Washington’s defense, in its second full season under Greg Manusky as defensive coordinator, is vastly improved from a year ago. Washington still gives up a lot of big plays to opposing offenses, but they keep opponents out of the end zone (best red zone scoring efficiency in football and the fifth-best overall touchdown efficiency as well). Washington is fourth in the league with 21 turnovers (11 interceptions and 10 fumble recoveries), eighth in sacks (32), and ninth against the run (just 100.3 yards per game).
The secondary has had its share of issues, mainly due to injuries. Quinton Dunbar, a starting corner, has been in and out of the lineup. Josh Norman has been hot and cold this year. The team traded for Ha Ha Clinton-Dix at the trade deadline and he has been a bit inconsistent for them as well (which matches up with his film in Green Bay). But this is an aggressive, competitive group that will battle with receivers on the perimeter. The secondary has an enforcer on the back end with DJ Swearinger. The veteran safety leads the team with four picks and is one of the hardest hitters on the team.
This defense starts with the defensive line though. Washington has poured a ton of resources into the group overall, with three first-round picks in nose tackle Daron Payne, defensive end Jonathan Allen, and pass rusher Ryan Kerrigan. Former second-round pick Preston Smith starts opposite Kerrigan and former fifth-round pick Matt Ioannidis completes the group as one of the most disruptive interior pass rushers in the NFL. Let’s start with Payne, though, because I think he instantly makes that entire group better because of what he brings inside.
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In my opinion, Payne has the potential to be an elite defensive tackle in this league thanks to his combination of strength, power, quickness, range, and technique. He impacts the run and the pass game equally well, helps make others around him look better, and is a very disciplined player. He will match up mostly with Jason Kelce, Brandon Brooks, and Isaac Seumalo in this game. To me, he is the most impactful player of the front three.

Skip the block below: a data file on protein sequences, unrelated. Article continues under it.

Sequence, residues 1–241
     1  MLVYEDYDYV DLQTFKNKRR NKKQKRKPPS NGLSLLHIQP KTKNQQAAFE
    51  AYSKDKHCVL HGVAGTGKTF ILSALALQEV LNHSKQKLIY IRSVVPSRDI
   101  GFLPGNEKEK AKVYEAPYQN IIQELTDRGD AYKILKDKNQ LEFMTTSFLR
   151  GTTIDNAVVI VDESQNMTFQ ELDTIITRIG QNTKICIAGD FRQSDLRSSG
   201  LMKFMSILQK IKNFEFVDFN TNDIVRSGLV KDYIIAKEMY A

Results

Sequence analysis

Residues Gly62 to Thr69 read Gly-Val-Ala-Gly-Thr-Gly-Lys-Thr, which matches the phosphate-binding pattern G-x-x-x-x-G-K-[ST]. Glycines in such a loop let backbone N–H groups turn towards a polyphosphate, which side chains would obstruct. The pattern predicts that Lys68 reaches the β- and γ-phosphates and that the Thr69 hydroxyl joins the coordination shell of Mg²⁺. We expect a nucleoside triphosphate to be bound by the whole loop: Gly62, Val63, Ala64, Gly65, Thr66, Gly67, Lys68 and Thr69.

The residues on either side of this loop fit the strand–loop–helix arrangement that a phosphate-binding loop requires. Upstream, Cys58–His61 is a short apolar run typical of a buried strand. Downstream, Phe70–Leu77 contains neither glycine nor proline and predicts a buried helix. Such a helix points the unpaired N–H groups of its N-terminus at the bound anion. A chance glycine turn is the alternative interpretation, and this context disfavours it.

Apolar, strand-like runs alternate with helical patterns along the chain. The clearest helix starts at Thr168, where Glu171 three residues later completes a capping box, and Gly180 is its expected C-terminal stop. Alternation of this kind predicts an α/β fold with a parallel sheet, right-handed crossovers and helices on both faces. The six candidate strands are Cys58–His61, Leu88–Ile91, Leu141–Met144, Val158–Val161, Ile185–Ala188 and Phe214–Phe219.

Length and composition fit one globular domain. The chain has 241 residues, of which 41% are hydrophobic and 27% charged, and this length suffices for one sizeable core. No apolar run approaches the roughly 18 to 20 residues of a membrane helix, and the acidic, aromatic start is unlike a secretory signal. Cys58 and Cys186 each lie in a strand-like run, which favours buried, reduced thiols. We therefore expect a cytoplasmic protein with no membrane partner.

The other player to be aware of on this defensive front is Matt Ioannidis. The starting defensive end, who lines up primarily on the offense's right side, will see a majority of his reps against Brooks. He mostly wins with quickness up front with a combination of inside and outside pass rush moves. Ioannidis is also extremely effective in the various stunts and blitzes up front. He ranks third in the NFL in sacks among defensive tackles with 7.5 (only Aaron Donald and Chris Jones have more). The Eagles must be aware of Ioannidis in this game.
Don’t take this as a slight to Allen, because I really like the former first-round pick out of Alabama as well. Like Payne, he’s a technician with his hands, can win with quickness off the ball, and has the stoutness to play at the point of attack. Allen’s versatility gives Manusky and defensive line coach Jim Tomsula plenty of flexibility up front.
Now let’s look off the edge where Ryan Kerrigan continues to terrorize opponents. A player who has consistently been a thorn in the side of the Eagles, Kerrigan is one of my favorite pass rushers to study in the NFL because of his motor and his hand use when attacking right tackles. One thing we’re seeing more of this year is that Washington is moving him around, so he’s getting more reps against left tackles this season. Lane Johnson is the primary matchup player to focus on here, but don’t be shocked to see Kerrigan line up against Jason Peters at times for the first time (maybe) ever this Monday night.